Diagnosis of a middle-ear infection can only be made with the use of an otoscope in the hands of an experienced professional. If the doctor diagnoses an ear infection, ask the following questions.

If the problem has not resolved over 24 hours, consult a naturopathic practitioner; and if 24 hours later the problem persists, then consider using antibiotics.

Outer ear

Occasionally the outer ear may become irritated, red or scaly.

RECOMMENDATIONS

Two drops of mullein oil four times a day.

Bring any persistence to the attention of a naturopathic physician.

Keep the outer part of the ear clean.

Give the child the herbal remedy Echinacea at a dose recommended for children on the packaging or obtain advice from a local pharmacist or naturopathic practitioner.

Select a homeopathic remedy dependent upon the symptoms from your preferred homeopathic manual. In the meantime, give Pulsatilla 6, two pills every 2hr.

Avoid antibiotics. General practitioners are still too quick to prescribe for what may be a viral infection. Many reports in top medical journals suggest that antibiotics should only be used after a definitive diagnosis of a bacterial infection has been made.

RUPTURE (PERFORATION) OF THE EARDRUM

Rupture of the eardrum, also known as perforation, is associated most commonly with middle-ear infection or trauma. Middle-ear infection causes pressure outwards, which is markedly painful until the eardrum bursts and the pain is relieved. Discharge and small amounts of blood are the characteristic symptoms. Trauma, usually from loud blasts or a slap with an open hand, causes the eardrum to burst inwards, which is characterized by a very severe and sharp pain followed by a dull ache.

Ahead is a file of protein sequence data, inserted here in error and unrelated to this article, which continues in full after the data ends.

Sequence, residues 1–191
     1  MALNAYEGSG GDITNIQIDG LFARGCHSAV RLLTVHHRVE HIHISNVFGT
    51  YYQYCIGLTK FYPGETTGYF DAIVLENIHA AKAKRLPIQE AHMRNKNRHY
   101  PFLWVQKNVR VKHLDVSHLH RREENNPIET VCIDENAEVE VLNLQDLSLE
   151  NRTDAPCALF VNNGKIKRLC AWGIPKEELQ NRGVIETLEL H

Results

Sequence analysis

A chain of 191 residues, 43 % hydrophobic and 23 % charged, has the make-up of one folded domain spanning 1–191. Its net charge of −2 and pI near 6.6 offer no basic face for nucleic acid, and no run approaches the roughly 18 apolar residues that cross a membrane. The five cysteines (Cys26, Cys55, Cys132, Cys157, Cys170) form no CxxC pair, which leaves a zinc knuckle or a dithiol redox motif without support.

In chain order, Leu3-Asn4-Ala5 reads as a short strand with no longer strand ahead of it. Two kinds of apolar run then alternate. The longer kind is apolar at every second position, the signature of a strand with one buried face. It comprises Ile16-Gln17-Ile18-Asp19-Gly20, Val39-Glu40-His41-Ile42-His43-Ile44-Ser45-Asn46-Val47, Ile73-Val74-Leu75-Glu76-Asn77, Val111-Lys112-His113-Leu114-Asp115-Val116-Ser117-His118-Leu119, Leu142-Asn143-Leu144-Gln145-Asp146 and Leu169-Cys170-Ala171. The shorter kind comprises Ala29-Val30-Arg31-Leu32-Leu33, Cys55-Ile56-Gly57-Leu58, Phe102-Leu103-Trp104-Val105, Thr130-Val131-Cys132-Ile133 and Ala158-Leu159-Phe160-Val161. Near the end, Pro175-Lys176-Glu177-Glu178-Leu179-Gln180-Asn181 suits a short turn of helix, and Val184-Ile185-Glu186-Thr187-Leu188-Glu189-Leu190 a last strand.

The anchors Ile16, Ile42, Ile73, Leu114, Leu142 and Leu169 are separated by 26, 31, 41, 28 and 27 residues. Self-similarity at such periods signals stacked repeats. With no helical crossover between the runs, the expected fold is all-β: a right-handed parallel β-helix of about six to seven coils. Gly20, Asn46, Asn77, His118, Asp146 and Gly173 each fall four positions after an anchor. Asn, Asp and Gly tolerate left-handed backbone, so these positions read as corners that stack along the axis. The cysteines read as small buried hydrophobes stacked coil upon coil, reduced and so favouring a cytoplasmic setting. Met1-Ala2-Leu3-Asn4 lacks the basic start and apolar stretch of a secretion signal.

Hearing may or may not be affected, depending on the cause, size of the tear and associated damage to the ear ossicles.

RECOMMENDATIONS

Any suggestion of the above symptoms should be taken for review to your doctor.

Small tears or perforations will generally repair without problem but larger tears may require the expertise of surgical repair.

In the case of rupture caused by infection, antibiotics may need to be used because homeopathic or naturopathic therapies may work too slowly and the infection may worsen the rupture or destroy the eardrum. It may be easier for a complementary practitioner to deal with the side effects of the antibiotics than to repair a potentially serious eardrum injury.